We're unable to sign you in at this time. Please try again in a few minutes.
We were able to sign you in, but your subscription(s) could not be found. Please try again in a few minutes.
There may be a problem with your account. Please contact the AMA Service Center to resolve this issue.
Contact the AMA Service Center:
Telephone: 1 (800) 262-2350 or 1 (312) 670-7827  *   Email: subscriptions@jamanetwork.com
Error Message ......
Article |

Otolaryngology—Head and Neck Surgery

Byron J. Bailey, MD
JAMA. 1992;268(3):395-397. doi:10.1001/jama.1992.03490030107047.
Text Size: A A A
Published online


Exciting advances during the past year in the specialty of otolaryngology—head and neck surgery have increased our understanding of several common diseases and disorders and improved our ability to treat patients with these problems. Reconstructive surgery, pediatric otolaryngology, and otology have benefited particularly from important new scientific information.

Restoring facial contour, speech, and swallowing and chewing functions to near-normal levels after segmental mandibular resection for cancer is a challenging goal. The movement of the jaw and tongue and the large forces applied during mastication combine with complex anatomic features and the need for sensory input to create demands that have not been met fully prior to the introduction of microvascular free-tissue transfer techniques. Recent clinical studies have demonstrated the greater viability and durability of composite-free grafts (bone, muscle, and skin) that are vascularized. The iliac crest, scapula, metatarsus, rib, and radius are the most common donor sites, with the selection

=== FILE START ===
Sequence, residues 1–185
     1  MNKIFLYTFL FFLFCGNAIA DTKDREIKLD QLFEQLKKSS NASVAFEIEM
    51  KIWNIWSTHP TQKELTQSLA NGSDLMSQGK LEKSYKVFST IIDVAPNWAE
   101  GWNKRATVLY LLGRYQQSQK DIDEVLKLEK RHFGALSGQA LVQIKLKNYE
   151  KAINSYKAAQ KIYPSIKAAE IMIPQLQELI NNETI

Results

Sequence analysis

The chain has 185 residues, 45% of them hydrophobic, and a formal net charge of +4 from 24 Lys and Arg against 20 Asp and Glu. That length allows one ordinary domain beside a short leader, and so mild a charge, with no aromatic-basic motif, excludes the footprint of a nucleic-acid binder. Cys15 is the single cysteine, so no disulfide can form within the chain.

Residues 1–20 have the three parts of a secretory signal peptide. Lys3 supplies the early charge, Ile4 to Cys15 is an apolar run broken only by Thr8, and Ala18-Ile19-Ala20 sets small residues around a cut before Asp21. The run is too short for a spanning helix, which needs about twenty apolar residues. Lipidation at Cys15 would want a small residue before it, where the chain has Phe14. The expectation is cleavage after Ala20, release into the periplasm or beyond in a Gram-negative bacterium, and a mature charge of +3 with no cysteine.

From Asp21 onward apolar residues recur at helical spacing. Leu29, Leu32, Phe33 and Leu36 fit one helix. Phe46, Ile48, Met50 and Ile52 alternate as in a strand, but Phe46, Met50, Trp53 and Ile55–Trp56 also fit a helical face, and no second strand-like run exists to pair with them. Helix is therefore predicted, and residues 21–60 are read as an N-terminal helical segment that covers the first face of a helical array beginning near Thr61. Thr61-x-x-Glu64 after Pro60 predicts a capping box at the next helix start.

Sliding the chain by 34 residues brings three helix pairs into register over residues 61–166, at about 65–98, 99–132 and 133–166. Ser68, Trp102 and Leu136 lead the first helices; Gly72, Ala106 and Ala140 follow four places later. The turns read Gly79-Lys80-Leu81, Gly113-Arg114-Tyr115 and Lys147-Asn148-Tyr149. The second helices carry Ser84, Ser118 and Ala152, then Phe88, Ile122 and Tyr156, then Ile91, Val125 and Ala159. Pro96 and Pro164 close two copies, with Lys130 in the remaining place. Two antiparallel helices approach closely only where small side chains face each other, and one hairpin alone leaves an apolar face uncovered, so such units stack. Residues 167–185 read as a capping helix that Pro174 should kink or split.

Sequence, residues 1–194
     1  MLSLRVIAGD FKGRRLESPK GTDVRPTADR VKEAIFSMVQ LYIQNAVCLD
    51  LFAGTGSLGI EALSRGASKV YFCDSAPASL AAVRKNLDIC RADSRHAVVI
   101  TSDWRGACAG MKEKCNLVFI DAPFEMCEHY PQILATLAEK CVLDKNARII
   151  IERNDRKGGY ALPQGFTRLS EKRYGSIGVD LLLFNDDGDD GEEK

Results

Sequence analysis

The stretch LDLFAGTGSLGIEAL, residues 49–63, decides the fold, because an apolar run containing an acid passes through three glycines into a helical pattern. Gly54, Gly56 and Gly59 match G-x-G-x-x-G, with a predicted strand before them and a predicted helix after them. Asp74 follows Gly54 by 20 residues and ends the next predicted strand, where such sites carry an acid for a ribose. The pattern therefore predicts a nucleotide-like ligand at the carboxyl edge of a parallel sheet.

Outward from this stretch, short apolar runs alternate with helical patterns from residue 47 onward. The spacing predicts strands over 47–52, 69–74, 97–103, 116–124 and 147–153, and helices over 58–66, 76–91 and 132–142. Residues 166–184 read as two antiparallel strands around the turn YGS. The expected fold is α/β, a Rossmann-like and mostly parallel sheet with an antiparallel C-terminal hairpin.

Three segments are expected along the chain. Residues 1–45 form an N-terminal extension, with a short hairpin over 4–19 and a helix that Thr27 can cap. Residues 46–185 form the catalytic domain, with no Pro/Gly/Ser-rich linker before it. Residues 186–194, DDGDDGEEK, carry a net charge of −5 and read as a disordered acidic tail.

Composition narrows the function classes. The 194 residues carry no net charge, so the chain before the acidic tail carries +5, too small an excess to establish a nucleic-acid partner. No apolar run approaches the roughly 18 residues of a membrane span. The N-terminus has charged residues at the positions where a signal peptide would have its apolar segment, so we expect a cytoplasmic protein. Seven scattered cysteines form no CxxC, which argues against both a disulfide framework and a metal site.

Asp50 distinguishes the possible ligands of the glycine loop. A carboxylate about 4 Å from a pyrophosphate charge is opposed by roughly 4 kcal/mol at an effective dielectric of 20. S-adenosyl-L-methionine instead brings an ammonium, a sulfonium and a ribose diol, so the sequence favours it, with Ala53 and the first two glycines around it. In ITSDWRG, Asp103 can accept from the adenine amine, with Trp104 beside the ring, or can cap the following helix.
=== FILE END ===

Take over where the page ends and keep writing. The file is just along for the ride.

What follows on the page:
Sign in

Purchase Options

• Buy this article
• Subscribe to the journal
• Rent this article ?




Also Meets CME requirements for:
Browse CME for all U.S. States
Accreditation Information
The American Medical Association is accredited by the Accreditation Council for Continuing Medical Education to provide continuing medical education for physicians. The AMA designates this journal-based CME activity for a maximum of 1 AMA PRA Category 1 CreditTM per course. Physicians should claim only the credit commensurate with the extent of their participation in the activity. Physicians who complete the CME course and score at least 80% correct on the quiz are eligible for AMA PRA Category 1 CreditTM.
Note: You must get at least of the answers correct to pass this quiz.
Please click the checkbox indicating that you have read the full article in order to submit your answers.
Your answers have been saved for later.
You have not filled in all the answers to complete this quiz
The following questions were not answered:
Sorry, you have unsuccessfully completed this CME quiz with a score of
The following questions were not answered correctly:
Commitment to Change (optional):
Indicate what change(s) you will implement in your practice, if any, based on this CME course.
Your quiz results:
The filled radio buttons indicate your responses. The preferred responses are highlighted
For CME Course: A Proposed Model for Initial Assessment and Management of Acute Heart Failure Syndromes
Indicate what changes(s) you will implement in your practice, if any, based on this CME course.


Some tools below are only available to our subscribers or users with an online account.

0 Citations

Sign in

Purchase Options

• Buy this article
• Subscribe to the journal
• Rent this article ?

Related Content

Customize your page view by dragging & repositioning the boxes below.